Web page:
The Arecales family, better known as Palm Trees or Palms are what make up the palm family. There are roughly 202 currently known genera with around 2600 species, most of which are restricted to tropical, subtropical, and warm temperate climates. Palms are one of the most well-known and extensively cultivated plant families.
|Standard Cyclopedia of Horticulture|
Palm; Palms are amongst the most striking plants in tropical floras. The tall mostly straight unbranched trunks surmounted by a spreading canopy of huge pinnate or digitate leaves distinguish them from nearly all other forms of vegetation. They are widely spread in warm regions, being most abundant in America and Asia and few in Africa. They are particularly conspicuous in the Pacific Islands. Although the palms are such bold and interesting plants, the species are imperfectly understood. This is due to the great difficulty of making herbarium specimens, to the fact that the greater number of botanists are residents of regions in which palms do not grow, and to the differences of opinion as to the relative importance of the various botanical characters. Many of the palms have been named first from cultivated specimens, and often before the flowers and fruits are known. When the specimens finally come to fruit, the names are usually shifted, causing much confusion. The proper generic position of a palm may be unknown for several years after it becomes popular in the horticultural trade. Consider the changes in nomenclature which have occurred in palms that have been referred to the genera Areca and Kentia.
The species of palms are not very numerous as compared with orchids, composites and grasses. They probably do not greatly exceed 1,200, as at present known, although more than that number have been described. Bentham & Hooker accept 132 genera, and Drude, in Engler & Prantl's "Pflanzenfamilien," accept 128 genera. Most of the genera are small, and many of them are monotypic. The largest genera are Calamus, with about 200 species, all Old World, mostly Asian; Geonoma, with about 100 species, all American; Baetns, about 100, American; Chamsedorea, with about 60, all American; Licuala, with 30, ranging from eastern Asia to Australia; Desmoncus, about 25, American; Cocos; 30, all confined to America but the coconut, which is now cosmopolitan; Pinanga, with about 25 species, of the oriental tropics; Areca, nearly two dozen, oriental. Many of the species, particularly in the small genera, are restricted to very small geographical regions, often to one island or to a group of islands. The palms represent an old type of vegetation, and they are now, probably, on the decline, as measuredin geological epochs.—Perhaps the most complete account of the botany of certain groups of palms is by 0. Beccari in such works as: "The species of Calamus," "Le Palme Americane della tribu della Corypheae," "Notes on Philippine Palms," and many smaller papers. O. F. Cook has also written extensively of the American species.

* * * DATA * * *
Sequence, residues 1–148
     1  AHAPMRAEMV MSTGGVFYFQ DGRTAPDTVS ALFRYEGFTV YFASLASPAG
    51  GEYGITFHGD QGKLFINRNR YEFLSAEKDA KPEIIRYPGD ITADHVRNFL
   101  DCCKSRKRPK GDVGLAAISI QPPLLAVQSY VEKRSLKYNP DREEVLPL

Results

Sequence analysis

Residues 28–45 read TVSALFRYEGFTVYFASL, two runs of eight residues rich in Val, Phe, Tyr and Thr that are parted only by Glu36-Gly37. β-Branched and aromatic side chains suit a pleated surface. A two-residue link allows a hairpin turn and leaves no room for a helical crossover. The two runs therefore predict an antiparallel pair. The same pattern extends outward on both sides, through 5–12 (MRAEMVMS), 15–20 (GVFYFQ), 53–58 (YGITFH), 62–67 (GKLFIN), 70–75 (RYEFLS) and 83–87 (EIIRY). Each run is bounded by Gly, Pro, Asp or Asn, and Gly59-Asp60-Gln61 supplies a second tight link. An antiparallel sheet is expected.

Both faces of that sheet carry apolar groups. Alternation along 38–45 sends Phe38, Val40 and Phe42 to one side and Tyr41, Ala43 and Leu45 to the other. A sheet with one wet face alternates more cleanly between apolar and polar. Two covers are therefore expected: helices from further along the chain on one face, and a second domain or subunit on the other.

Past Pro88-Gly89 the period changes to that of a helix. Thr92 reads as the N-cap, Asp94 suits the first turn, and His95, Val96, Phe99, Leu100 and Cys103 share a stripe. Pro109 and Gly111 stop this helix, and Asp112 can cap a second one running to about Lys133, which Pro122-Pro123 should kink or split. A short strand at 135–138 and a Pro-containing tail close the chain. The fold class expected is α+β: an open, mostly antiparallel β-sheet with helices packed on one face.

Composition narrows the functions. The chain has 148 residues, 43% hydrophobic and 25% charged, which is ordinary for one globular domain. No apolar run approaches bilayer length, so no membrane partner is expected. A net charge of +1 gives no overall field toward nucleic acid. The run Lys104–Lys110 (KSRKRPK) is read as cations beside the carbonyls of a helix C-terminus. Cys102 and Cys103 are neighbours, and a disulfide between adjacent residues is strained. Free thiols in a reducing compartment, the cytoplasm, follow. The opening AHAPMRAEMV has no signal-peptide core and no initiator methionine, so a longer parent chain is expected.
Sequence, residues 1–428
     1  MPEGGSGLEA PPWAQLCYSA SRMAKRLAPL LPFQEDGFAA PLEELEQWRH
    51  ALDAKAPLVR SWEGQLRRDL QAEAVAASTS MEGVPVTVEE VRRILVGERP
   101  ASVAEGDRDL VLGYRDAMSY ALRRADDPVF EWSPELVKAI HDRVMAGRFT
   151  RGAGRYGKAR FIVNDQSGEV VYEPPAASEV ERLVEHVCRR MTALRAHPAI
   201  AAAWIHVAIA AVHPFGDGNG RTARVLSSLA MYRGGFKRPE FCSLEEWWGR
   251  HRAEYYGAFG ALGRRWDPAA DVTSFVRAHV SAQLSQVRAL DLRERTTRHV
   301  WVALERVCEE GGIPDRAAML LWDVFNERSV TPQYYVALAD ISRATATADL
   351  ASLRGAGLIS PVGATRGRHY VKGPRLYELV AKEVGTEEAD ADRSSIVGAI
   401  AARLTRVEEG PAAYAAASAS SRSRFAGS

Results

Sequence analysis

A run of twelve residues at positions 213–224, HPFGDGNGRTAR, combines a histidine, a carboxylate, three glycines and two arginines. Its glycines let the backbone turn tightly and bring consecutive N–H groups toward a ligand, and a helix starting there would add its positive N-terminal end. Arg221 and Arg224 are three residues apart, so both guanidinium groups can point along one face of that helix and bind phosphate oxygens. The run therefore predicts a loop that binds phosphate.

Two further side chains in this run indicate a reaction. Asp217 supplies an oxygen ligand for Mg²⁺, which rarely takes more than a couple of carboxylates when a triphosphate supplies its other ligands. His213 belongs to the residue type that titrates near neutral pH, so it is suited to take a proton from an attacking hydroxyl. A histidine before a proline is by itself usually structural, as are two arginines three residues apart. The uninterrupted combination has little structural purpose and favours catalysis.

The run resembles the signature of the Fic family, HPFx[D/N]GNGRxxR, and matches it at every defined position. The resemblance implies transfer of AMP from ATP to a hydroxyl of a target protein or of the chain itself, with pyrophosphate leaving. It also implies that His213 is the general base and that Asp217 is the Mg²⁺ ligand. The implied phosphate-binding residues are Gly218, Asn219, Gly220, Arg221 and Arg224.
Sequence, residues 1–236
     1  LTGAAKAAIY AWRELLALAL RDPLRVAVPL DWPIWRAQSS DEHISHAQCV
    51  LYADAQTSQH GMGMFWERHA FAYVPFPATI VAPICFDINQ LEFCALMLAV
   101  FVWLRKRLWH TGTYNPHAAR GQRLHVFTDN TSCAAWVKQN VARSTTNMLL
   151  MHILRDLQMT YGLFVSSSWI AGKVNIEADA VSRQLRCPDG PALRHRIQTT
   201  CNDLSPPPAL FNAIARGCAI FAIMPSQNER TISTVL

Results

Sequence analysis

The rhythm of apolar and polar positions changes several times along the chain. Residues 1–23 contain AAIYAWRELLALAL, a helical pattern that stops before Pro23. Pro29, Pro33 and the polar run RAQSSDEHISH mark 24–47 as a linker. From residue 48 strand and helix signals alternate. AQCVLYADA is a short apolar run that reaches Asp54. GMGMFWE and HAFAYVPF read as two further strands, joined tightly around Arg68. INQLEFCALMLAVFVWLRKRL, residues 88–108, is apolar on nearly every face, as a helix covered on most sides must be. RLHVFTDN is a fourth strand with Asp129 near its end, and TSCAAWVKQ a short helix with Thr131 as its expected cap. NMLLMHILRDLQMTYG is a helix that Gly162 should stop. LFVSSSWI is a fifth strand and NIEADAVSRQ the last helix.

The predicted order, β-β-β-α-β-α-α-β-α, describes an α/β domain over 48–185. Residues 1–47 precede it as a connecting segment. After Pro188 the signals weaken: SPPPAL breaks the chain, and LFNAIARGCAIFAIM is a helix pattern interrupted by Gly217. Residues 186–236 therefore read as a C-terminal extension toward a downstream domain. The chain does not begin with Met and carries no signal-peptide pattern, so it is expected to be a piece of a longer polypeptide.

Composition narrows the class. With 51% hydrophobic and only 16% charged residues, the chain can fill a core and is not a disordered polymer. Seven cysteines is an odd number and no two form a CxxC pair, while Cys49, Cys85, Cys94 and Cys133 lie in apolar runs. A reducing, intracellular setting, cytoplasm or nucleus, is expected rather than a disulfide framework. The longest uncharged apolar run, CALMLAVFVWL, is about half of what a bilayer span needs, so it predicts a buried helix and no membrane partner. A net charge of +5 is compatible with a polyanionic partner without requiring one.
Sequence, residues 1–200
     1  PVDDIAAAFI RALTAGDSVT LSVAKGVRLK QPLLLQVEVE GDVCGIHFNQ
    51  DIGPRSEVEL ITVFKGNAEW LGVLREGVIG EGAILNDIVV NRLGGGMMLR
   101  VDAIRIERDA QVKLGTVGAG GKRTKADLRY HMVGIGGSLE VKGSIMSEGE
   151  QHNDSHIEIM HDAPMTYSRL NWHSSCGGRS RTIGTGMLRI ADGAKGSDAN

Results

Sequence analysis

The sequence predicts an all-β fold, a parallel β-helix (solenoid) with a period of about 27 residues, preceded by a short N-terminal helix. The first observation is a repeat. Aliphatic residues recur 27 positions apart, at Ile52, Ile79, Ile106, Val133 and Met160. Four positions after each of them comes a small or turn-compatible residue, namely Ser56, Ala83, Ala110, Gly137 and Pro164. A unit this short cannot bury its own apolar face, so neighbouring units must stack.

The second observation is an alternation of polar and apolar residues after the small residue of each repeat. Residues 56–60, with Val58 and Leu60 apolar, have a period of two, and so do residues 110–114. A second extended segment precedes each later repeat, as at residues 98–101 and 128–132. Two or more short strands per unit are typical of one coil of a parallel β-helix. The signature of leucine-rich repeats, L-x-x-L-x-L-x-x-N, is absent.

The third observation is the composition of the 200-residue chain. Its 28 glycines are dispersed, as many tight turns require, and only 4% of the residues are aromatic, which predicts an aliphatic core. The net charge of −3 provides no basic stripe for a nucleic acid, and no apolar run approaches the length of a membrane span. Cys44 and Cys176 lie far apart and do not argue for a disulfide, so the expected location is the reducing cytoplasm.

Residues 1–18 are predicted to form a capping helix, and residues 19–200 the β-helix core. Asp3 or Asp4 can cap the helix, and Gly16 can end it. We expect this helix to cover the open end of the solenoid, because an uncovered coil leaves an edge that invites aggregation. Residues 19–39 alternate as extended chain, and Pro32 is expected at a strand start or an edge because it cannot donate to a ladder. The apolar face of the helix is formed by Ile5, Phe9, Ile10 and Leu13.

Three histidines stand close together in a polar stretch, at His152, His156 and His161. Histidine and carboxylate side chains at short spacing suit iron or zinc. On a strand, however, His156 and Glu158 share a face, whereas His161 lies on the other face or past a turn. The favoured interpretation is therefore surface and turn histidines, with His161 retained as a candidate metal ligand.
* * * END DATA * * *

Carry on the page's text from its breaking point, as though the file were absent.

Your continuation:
The members of this family are essentially tropical in habitat, are highly ornamental in appearance, and many of them also of very great economic value, their fruits, stems and leaves not only entering largely into the manufactured products of both Europe and America but also providing both food and shelter for thousands of the inhabitants of tropical countries.
One notable characteristic of palms in general is their unbranched stems, the exceptions to this rule being very few and mostly limited to the members of one genus, Hyphaene, of which the doum palm of Egypt, H. thebaica, is the best example. While these unbranched stems form a prominent feature in connection with this order of plants, yet great variations are found in size and habit, some of them towering up like a slender marble shaft to a height of more than 100 feet and then terminating in a crown of magnificent plume-like leaves, while others may reach a height of only 3 to 4 feet when fully developed, and some species are permanently stemless. In some examples the stems are so long and slender that a scandent habit is the result; these rope-like stems of the rattan palms in particular are described as wandering through the tops of some of the great trees of the Malayan Peninsula to a length of several hundred feet, —reported as long as 1,700 feet, but report unreliable.